Are those enjoyed solely/ exclusively by an individual such that one’s consumption excludes others. A non-owner must always seek permission from the owner before using the good E.g. personal cars, clothes, houses, laptops, textbooks, radio.

Characteristics of private goods

  • They are excludable i.e. owners prevent those who have not paid for it from using the good/ no free – riders.
  • There is rivalry in their consumption i.e. consumption by one necessarily prevents that of another.
  • They involve direct payment to be consumed.
  • They are scarce which causes competition for them

g) Public goods.

Are those which when provided, usually by the state, for a particular individual or group of individuals  become available for others to use at zero or no extra costs and consumption by one person does not reduce the amount available for other users.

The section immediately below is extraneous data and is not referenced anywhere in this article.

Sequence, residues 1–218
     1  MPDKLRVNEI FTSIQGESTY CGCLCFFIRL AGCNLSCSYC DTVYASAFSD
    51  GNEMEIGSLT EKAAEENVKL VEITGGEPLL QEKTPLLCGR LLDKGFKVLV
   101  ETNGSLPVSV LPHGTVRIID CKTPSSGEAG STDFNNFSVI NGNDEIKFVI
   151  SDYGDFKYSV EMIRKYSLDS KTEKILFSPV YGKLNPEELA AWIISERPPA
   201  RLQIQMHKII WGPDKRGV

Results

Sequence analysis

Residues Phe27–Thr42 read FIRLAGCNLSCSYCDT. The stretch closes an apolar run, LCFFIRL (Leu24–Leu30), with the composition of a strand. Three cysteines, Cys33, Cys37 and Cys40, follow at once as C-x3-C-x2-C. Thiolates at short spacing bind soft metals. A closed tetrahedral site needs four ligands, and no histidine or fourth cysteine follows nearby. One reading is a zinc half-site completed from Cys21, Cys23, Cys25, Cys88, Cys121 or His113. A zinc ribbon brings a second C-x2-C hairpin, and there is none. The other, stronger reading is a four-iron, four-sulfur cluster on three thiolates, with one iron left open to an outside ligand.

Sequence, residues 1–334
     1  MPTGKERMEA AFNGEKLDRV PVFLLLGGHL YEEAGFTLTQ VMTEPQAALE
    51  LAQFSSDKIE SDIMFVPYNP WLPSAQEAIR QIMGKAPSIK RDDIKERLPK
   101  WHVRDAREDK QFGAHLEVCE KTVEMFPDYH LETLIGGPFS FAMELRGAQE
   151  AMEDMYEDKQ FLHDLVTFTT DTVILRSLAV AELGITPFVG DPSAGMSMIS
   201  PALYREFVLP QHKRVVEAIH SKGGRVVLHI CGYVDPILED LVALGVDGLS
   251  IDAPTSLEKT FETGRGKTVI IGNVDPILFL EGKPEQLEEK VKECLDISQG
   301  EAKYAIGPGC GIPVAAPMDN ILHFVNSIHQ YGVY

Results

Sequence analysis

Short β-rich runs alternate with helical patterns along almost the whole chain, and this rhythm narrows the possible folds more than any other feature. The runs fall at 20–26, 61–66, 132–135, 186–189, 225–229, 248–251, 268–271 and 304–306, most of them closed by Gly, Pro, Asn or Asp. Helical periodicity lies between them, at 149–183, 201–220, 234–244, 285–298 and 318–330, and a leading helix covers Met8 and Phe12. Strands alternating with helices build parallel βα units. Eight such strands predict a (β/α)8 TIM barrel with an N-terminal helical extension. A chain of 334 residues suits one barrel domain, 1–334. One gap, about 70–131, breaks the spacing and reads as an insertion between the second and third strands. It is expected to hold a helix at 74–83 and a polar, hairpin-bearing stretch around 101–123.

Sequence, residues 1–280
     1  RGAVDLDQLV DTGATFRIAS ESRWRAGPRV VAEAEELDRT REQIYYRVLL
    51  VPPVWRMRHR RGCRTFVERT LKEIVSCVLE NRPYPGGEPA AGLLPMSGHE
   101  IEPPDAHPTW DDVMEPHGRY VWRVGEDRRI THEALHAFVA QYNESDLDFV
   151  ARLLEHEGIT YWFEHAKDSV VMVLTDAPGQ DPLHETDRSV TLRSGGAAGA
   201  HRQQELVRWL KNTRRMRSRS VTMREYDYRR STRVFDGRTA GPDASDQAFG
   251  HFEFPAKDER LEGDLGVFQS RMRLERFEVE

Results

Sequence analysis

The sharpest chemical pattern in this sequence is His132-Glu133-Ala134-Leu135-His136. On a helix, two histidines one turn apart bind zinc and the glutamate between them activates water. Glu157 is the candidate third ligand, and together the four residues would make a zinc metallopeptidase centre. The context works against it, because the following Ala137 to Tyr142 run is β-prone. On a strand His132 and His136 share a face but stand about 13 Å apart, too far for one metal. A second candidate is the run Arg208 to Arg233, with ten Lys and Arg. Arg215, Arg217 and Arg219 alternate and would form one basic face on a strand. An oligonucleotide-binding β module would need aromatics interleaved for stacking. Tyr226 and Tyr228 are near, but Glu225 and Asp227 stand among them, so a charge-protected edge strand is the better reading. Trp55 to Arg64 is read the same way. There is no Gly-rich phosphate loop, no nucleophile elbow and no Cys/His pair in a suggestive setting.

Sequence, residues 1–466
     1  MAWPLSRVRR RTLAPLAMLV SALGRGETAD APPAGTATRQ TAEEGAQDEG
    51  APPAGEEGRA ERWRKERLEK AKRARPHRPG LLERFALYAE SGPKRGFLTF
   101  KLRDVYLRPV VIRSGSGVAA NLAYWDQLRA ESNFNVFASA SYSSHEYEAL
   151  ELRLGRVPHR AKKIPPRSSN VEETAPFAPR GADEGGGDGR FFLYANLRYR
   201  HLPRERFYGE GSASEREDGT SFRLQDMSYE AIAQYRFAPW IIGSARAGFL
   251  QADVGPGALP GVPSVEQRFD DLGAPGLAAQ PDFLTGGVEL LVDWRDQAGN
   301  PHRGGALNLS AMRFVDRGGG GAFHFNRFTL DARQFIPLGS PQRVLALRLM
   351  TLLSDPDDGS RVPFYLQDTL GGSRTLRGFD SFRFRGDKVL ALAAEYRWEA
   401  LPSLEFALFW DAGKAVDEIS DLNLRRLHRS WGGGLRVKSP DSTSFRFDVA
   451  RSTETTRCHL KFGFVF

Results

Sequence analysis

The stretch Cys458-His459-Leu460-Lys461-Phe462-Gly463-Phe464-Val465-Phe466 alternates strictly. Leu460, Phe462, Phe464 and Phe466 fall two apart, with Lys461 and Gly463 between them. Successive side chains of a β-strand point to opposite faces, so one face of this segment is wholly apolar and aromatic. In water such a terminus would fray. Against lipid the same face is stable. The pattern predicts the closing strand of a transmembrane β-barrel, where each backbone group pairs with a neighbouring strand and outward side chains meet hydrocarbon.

Examples of public goods include public roads, national defence, law and order, street lights, public clocks, public schools, public hospitals.

Characteristics of public goods

  • Non-exhaustibility. Consumption by one person does not reduce the amount available for other users.
  • Non-excludability. It is difficult to stop a person from consuming public goods or from getting the benefits of public goods.
  • Non-divisibility (Indivisible). They are equally available to all individuals in the society.
  • Usually provided by the state.
  • They are indirectly paid for i.e. through taxes.
  • No competition for them (There is non-rivalry in their consumption).

h) Free/ natural/ original goods.

Are those which exist in natural abundance and are enough for everyone to consume as much as they want at zero cost. E.g. rain water, sunshine, moonlight, soil, air, etc.

Characteristics of free goods

  • They are provided by nature
  • They are in abundant supply.
  • They are consumed at zero cost.
  • They provide utility.

i) Economic goods.